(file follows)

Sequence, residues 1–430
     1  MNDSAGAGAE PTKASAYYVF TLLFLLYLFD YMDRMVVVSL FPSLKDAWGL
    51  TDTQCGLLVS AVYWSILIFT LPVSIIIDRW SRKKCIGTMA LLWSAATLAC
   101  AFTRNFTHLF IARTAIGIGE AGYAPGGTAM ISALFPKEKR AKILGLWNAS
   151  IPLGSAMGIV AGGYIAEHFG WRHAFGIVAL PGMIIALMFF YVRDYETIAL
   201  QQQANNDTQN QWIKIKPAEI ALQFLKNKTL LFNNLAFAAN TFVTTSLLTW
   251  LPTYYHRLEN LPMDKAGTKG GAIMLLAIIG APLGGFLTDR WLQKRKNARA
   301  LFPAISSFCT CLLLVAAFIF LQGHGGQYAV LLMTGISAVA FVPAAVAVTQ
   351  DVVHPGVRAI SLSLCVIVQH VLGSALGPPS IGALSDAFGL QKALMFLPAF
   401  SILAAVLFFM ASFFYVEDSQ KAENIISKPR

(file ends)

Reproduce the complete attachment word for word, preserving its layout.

Sequence, residues 1–430
     1  MNDSAGAGAE PTKASAYYVF TLLFLLYLFD YMDRMVVVSL FPSLKDAWGL
    51  TDTQCGLLVS AVYWSILIFT LPVSIIIDRW SRKKCIGTMA LLWSAATLAC
   101  AFTRNFTHLF IARTAIGIGE AGYAPGGTAM ISALFPKEKR AKILGLWNAS
   151  IPLGSAMGIV AGGYIAEHFG WRHAFGIVAL PGMIIALMFF YVRDYETIAL
   201  QQQANNDTQN QWIKIKPAEI ALQFLKNKTL LFNNLAFAAN TFVTTSLLTW
   251  LPTYYHRLEN LPMDKAGTKG GAIMLLAIIG APLGGFLTDR WLQKRKNARA
   301  LFPAISSFCT CLLLVAAFIF LQGHGGQYAV LLMTGISAVA FVPAAVAVTQ
   351  DVVHPGVRAI SLSLCVIVQH VLGSALGPPS IGALSDAFGL QKALMFLPAF
   401  SILAAVLFFM ASFFYVEDSQ KAENIISKPR